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« Chag Kasher v'Sameach | Main | More Thoughts On 1968 »

Contemplate '68

So in my copious free time, I've been reading Teddy White's The Making of the Presdient 1968. 1968 has always seemed to me a bit mysterious as well as a bit of a turning point itself. How did Nixon get the nomination when he was only one of a list of names in 1967? How did Humphrey win without entering any primaries? Why did Romney lose in 1968, while 2008? And given the evident political parallels between Vietnam and Iraq, what lessons can we draw 40 years after the fact?

White wrote a series of these books, the most interesting being 1960 amd 1968, as they were actually in doubt. By 1968, having established a reputation for trustworthiness, White had unprecedented access to the inner circles of all the campaigns. Their trust in White's probity was well-placed. And while White was clearly a liberal, he was no leftist, and was eminently fair to all the candidates.

The election was framed by two things: Vietnam and violence. The Dems tried to portray "law and order" as a racist issue, and in George Wallace's hands it was. But student violence and radical violence had competed with racial violence since 1965. While some nostalgic for "action" may want to "Recreate '68" here in Denver, there's no atmosphere of violence from which to draw, making their success in that wanton endeavor fairly unlikely. The violence in the streets in Chicago was of Tom Hayden's and Rap Brown's making, not Eugene McCarthy's. Republicans expecting mayhem-filled streets here this summer, take note.

A couple of things stand out in comparison to 2008. We may complain about the length of the primary season, but in fact, the campaign was just as long then as it is now. Nixon was planning in December 1966 for the 1968 race, and he pretty much knew who his opposition would be: Reagan, Rockefeller, Romney, and Charles Percy of Illinois. (I had forgotten about Percy, but then, who hasn't?) The difference was that much more of the race was in the hands of power-brokers, much less in the hands of regulars. So much more took place behind the scenes.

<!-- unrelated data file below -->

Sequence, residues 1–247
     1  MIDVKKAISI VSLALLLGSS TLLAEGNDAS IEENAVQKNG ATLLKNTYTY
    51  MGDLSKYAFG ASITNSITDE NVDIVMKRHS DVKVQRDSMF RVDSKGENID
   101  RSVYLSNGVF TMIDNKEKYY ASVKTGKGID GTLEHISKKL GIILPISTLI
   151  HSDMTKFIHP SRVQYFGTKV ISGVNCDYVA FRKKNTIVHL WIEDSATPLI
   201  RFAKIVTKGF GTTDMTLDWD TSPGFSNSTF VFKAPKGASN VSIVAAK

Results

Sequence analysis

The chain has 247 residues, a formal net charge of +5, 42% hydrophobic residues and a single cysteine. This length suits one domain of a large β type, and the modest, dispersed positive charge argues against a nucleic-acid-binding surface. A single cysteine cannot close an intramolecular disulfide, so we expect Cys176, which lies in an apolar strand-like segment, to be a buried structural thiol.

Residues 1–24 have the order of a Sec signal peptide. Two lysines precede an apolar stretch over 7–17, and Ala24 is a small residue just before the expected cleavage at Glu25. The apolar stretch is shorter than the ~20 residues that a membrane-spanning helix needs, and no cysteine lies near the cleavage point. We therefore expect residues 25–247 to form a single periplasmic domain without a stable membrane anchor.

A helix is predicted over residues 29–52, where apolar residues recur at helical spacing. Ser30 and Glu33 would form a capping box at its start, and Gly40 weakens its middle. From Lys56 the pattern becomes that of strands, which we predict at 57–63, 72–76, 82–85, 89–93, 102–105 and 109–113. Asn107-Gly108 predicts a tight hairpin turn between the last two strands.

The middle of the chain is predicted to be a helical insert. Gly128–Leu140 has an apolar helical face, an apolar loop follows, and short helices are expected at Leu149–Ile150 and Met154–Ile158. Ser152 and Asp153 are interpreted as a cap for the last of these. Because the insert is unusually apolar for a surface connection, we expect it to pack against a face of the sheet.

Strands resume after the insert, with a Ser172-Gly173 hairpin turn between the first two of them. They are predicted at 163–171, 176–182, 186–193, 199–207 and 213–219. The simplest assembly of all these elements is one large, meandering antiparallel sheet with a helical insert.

Even then, Romney knew by January that he was done for, after the famous "brainwashing" statement, which showed him to be naive in foreign policy. Simply keeping his mouth shut would have been enough. Americans in time of war will tolerate silence on foreign policy if it means not undermining the present administration. They won't tolerate naivite. Take note, Barack.

Mitt reprised some of the mistakes of his father, George. While never having a gaffe of "brainwashing" proportions, he still appeared to see the political campaign as a marketing campaign, which is something different. George, too, had tried to use polls to wrap up delegates in 1967, as Mitt had used them to create an Iowa-New Hampshire strategy. In both cases, a candidate with more apparent weight ended up looking more attractive.